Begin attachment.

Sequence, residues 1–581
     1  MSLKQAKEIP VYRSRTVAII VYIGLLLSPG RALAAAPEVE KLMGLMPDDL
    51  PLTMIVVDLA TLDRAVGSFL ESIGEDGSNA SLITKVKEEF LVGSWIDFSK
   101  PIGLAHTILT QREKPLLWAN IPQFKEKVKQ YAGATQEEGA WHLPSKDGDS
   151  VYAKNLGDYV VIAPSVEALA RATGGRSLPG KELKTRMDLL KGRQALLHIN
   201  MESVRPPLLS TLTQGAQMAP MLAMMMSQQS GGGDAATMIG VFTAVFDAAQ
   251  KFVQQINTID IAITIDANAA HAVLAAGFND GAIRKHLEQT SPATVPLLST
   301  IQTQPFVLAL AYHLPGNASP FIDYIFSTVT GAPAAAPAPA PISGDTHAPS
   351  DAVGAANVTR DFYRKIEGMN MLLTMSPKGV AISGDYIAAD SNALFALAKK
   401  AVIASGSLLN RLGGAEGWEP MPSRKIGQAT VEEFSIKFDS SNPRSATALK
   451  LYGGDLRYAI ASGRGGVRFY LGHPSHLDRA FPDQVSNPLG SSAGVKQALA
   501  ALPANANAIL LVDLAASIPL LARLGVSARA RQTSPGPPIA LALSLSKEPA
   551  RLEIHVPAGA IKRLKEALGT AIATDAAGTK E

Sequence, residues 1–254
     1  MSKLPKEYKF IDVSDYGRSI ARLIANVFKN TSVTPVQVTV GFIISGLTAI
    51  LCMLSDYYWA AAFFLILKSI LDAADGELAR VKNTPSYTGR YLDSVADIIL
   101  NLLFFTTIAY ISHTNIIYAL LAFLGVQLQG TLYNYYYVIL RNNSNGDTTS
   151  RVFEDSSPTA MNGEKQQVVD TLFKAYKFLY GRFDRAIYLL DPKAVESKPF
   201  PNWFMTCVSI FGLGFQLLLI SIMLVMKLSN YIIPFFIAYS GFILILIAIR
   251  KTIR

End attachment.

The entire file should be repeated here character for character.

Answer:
Sequence, residues 1–581
     1  MSLKQAKEIP VYRSRTVAII VYIGLLLSPG RALAAAPEVE KLMGLMPDDL
    51  PLTMIVVDLA TLDRAVGSFL ESIGEDGSNA SLITKVKEEF LVGSWIDFSK
   101  PIGLAHTILT QREKPLLWAN IPQFKEKVKQ YAGATQEEGA WHLPSKDGDS
   151  VYAKNLGDYV VIAPSVEALA RATGGRSLPG KELKTRMDLL KGRQALLHIN
   201  MESVRPPLLS TLTQGAQMAP MLAMMMSQQS GGGDAATMIG VFTAVFDAAQ
   251  KFVQQINTID IAITIDANAA HAVLAAGFND GAIRKHLEQT SPATVPLLST
   301  IQTQPFVLAL AYHLPGNASP FIDYIFSTVT GAPAAAPAPA PISGDTHAPS
   351  DAVGAANVTR DFYRKIEGMN MLLTMSPKGV AISGDYIAAD SNALFALAKK
   401  AVIASGSLLN RLGGAEGWEP MPSRKIGQAT VEEFSIKFDS SNPRSATALK
   451  LYGGDLRYAI ASGRGGVRFY LGHPSHLDRA FPDQVSNPLG SSAGVKQALA
   501  ALPANANAIL LVDLAASIPL LARLGVSARA RQTSPGPPIA LALSLSKEPA
   551  RLEIHVPAGA IKRLKEALGT AIATDAAGTK E

Sequence, residues 1–254
     1  MSKLPKEYKF IDVSDYGRSI ARLIANVFKN TSVTPVQVTV GFIISGLTAI
    51  LCMLSDYYWA AAFFLILKSI LDAADGELAR VKNTPSYTGR YLDSVADIIL
   101  NLLFFTTIAY ISHTNIIYAL LAFLGVQLQG TLYNYYYVIL RNNSNGDTTS
   151  RVFEDSSPTA MNGEKQQVVD TLFKAYKFLY GRFDRAIYLL DPKAVESKPF
   201  PNWFMTCVSI FGLGFQLLLI SIMLVMKLSN YIIPFFIAYS GFILILIAIR
   251  KTIR